– Food production will be drastically altered. “Factory farming” isn’t economical given major increases in the cost of fertilizer and fuel for farm equipment. Farming will probably be more localized, seasonal, smaller in scale, and shift from input-intensive (e.g. fertilizer, herbicides, pesticides) to more organic methods.

My wife and kids initially thought the movie was pretty gloomy, but I was actually optimistic–people were going to have to start *living in their communities*. No more driving 10 miles to a “big box” store every week: if you need groceries, ride your bike or walk to the neighborhood grocery store. More people will probably be using mass transit, which should presumably lead to increased service. My wife had an epiphany: “Wouldn’t it be cool to see [light rail][new light rail vehicles] running down the main streets, instead of multiple lanes of traffic?” I see a lot of good things that could happen, if we take advantage of the opportunity.

After watching the movie and talking about it at length, I went back and listened to the commentary track. There was a lot of good stuff in there! A quote from the commentary track that I found particularly enlightening:

I just find it sad that it’s easier to tell the American public that they’ll have to sacrifice their sons and daughters and relatives than it is to tell them that they’re gonna have to sacrifice their SUV’s and their 5,000-square foot homes.

At one point, the commentary track mentions Matthew R. Simmons’ [13 Points of Light][]. I had a bit of trouble finding that, (partly because they originally said “*12* points of light” in the commentary), so I put the link here. The title of the paper gave me the impression that it was a plan of some sort, but actually the “13 points” are merely the data that will allow an accurate assessment of the oil and/or gas remaining in a given oil field. This gets back to a point that Simmons makes in the movie alleging that OPEC members may be fudging the estimates of their oil reserves.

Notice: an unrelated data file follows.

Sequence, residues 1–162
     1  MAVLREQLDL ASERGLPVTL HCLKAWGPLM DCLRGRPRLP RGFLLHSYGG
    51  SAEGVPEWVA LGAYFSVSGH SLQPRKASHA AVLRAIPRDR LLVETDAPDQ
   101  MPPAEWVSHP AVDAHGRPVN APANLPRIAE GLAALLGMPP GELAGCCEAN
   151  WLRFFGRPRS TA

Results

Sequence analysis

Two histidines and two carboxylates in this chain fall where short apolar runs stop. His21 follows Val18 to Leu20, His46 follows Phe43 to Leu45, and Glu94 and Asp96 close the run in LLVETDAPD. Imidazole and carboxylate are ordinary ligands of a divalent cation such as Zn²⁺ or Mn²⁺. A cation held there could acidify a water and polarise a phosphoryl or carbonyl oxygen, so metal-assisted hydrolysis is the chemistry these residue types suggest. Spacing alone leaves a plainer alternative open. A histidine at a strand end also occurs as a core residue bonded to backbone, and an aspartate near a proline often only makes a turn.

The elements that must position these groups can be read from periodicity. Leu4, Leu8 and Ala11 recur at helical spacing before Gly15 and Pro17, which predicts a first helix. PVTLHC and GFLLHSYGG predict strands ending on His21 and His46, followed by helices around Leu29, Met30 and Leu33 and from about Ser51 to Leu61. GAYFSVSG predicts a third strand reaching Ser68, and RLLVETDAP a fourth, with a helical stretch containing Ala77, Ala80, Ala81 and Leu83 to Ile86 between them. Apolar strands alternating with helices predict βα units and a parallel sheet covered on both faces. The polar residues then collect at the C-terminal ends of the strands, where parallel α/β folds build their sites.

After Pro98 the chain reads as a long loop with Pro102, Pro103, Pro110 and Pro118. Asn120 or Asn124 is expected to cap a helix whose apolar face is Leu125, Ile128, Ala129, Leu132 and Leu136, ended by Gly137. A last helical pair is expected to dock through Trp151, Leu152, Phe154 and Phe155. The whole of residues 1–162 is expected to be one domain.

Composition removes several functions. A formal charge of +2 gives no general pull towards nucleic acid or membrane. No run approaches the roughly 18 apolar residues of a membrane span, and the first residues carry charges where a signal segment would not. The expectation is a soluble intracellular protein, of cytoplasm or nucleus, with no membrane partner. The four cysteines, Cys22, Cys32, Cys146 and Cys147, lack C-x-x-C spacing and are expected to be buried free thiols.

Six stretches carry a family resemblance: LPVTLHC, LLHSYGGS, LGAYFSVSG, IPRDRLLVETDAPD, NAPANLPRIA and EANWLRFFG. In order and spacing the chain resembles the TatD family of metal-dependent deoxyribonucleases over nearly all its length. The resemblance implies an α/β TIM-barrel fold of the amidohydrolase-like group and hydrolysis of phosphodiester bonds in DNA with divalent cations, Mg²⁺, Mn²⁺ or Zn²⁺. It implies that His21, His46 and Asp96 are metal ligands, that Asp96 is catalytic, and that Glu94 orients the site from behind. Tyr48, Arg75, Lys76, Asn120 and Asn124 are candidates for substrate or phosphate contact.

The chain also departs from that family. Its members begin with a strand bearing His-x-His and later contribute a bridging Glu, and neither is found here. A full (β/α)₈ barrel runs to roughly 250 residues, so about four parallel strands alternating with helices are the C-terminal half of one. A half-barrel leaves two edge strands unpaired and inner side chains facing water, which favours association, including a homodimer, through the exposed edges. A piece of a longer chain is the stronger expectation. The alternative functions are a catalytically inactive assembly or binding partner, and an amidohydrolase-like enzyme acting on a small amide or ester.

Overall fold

This is a movie that I think everybody should see, if for no other reason than to get people thinking about how their lives will change post-Peak Oil. Everybody knows that petroleum is a limited resource, but very few people seem to acknowledge *how* limited it is. It’d be much better if people could plan for the end of cheap oil, rather than react to it after the fact.

[The End of Suburbia article]:
(Wikipedia article on “The End of Suburbia”)
[EoS on YouTube]:
[Peak Oil]:
[new light rail vehicles]:
[13 Points of Light]:
(Matthew R. Simmons’ essay, “Thirteen Points of Light”)

About Jim Vanderveen

I'm a bit of a Renaissance man, with far too many hobbies for my free time! But more important than any hobby is my family. My proudest accomplishment has been raising some great kids! And somehow convincing my wife to put up with me since 1988. ;)
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2 Responses to The End of Suburbia

  1. Barb says:

    Didn’t we get this one from the Library?

  2. Jim says:

    Oops! You’re right, we did get this from the Arden-Dimick library.